This doesn’t even count the advantages that wealthy children have in terms of private tutors, test prep, and access to expensive private high schools and college counselors. All together, this layered system of preferences for the children of the privileged amounts to, in Golden’s words, “affirmative action for rich white people.” It is not so much the meritocracy as idealized and celebrated but rather the ancient practice of “elites mastering the art of perpetuating themselves.”
A pure functioning meritocracy would produce a society with growing inequality, but that inequality would come along with a correlated increase in social mobility. As the educational system and business world got better and better at finding inherent merit wherever it lay, you would see the bright kids of the poor boosted to the upper echelons of society, with the untalented progeny of the best and brightest relegated to the bottom of the social pyramid where they belong.
But the Iron Law of Meritocracy makes a different prediction: that societies ordered around the meritocratic ideal will produce inequality without the attendant mobility. Indeed, over time, a society will become more unequal and less mobile as those who ascend its heights create means of preserving and defending their privilege and find ways to pass it on across generations. And this, as it turns out, is a pretty spot-on description of the trajectory of the American economy since the mid-1970s.
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The sharp, continuous rise in inequality is one of the most studied and acknowledged features of the American political economy in the post-Carter age. Paul Krugman calls it “The Great Divergence,” and the economist Emmanuel Saez, who has done the most pioneering work on measuring the phenomenon, has written: “The top 1% income share has increased dramatically in recent decades and reached levels which had not been seen…since before the Great Depression.”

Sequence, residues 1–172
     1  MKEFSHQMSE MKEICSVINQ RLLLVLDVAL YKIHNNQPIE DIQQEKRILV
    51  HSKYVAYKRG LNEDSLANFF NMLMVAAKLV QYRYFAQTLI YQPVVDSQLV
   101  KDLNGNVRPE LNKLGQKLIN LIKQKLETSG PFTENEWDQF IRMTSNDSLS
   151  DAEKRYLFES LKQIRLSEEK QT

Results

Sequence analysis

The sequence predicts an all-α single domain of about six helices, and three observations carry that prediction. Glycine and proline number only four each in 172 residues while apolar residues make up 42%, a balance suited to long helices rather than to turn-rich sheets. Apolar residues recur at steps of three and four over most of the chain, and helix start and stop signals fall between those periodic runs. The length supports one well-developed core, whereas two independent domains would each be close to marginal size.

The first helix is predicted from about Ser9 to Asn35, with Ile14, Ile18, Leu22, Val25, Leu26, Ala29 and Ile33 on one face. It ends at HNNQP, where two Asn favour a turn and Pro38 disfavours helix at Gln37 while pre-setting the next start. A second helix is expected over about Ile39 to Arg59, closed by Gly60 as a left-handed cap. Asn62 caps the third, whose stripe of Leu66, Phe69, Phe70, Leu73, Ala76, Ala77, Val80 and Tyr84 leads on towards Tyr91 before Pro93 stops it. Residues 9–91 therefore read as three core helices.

One of the most distinctive aspects of the rise in American inequality over the past three decades is just how concentrated the gains are at the very top. The farther up the income scale you go, the better people are doing: the top 10 percent have done well, but they’ve been outpaced by the top 1 percent, who in turn have seen slower gains than the top 0.1 percent, all of whom have been beaten by the top 0.01 percent. Adjusted for inflation, the top 0.1 percent saw their average annual income rise from just over $1 million in 1974 to $7.1 million in 2007. And things were even better for the top 0.01 percent, who saw their average annual income explode from less than $4 million to $35 million, nearly a ninefold increase.
It is not simply that the rich are getting richer, though that’s certainly true. It is that a smaller and smaller group of über-rich are able to capture a larger and larger share of the fruits of the economy. America now features more inequality than any other industrialized democracy. In its peer group are countries like Argentina and other Latin American nations that once stood as iconic examples of the ways in which the absence of a large middle class presented a roadblock to development and good governance.